In this example, the woman in Victorian dress is out of place. She doesn’t belong in this place at this time.
With a time slip, the experience goes more like this: I walked into the old restaurant and suddenly I noticed there were candles burning, no televisions or electric lights, everyone was dressed in Victorian era clothes, and I stood there shocked. A few seconds later, the scene disappears and the restaurant is back to its modern self with electric lights, modern clothes, etc.
In this example the witness was the thing out of place. I’ve been documenting many of these types of encounters lately.
Do you think there is any link between time travel and parallel universes?
Absolutely! If there are infinite universes or dimensions, then everything is happening at some point in the timeline somewhere else right now. If those dimensions were to bump into each other, you would most certainly experience a slip in time.
Are there any Australian legends that interest you?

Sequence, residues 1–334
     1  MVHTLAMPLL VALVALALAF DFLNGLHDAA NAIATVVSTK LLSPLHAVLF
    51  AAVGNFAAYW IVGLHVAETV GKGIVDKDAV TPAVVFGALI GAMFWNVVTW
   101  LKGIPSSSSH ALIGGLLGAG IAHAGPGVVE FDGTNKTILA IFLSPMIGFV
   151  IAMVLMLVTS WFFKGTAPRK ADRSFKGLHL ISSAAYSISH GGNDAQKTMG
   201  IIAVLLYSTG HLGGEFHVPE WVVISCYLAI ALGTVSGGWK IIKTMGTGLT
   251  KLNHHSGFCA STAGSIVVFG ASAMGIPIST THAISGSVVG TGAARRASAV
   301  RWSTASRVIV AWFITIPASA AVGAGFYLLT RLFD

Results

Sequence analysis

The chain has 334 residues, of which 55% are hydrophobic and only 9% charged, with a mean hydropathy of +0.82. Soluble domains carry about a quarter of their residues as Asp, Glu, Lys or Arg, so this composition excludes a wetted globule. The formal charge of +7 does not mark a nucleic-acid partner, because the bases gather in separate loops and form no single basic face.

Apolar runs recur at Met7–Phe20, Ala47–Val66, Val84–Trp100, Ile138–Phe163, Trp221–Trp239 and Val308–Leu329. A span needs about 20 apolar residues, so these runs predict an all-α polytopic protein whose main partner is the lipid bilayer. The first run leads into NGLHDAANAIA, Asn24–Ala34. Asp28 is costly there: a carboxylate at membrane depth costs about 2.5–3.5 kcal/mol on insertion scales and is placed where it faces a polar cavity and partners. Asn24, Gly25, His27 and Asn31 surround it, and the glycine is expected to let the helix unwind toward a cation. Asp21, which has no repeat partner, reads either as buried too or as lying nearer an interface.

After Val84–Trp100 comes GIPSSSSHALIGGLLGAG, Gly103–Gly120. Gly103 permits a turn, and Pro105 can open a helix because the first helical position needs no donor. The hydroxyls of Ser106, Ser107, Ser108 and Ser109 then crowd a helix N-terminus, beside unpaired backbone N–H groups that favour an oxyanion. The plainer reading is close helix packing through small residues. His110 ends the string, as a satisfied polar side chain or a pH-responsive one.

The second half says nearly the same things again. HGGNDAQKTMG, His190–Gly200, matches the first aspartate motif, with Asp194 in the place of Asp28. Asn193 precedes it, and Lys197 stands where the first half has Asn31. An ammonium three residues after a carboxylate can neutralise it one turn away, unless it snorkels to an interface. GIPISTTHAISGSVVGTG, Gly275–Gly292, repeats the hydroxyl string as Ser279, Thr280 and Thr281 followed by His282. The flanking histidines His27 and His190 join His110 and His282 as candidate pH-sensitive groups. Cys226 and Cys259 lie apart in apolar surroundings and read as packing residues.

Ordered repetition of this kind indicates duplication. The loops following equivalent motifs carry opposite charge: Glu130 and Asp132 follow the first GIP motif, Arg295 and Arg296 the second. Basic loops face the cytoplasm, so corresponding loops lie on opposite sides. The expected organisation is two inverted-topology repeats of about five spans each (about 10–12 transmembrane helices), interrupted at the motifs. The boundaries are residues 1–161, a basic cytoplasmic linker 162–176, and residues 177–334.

Definitely. I don’t plan to leave until I see and capture a yowie. Australia also has many great haunts. I can’t wait to check out the ghosts of Maitland Gaol!
Lastly… have you been warned about drop bears during your visit?
No, but I have been warned to be on the lookout for the Yaramayhawho… not sure which would be worse to encounter!
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Tickets for Paracon are still on sale, and are available from http://www.paraconaustralia.com/. Hurry though, Paracon is on Saturday the 11th and Sunday the 12th of May, so don’t leave until the last minute!
Jeff will also be taking part in the Paracon After Dark event Ouija Board Experience with Robert Murch. Tickets for the event are on sale, but places are strictly limited!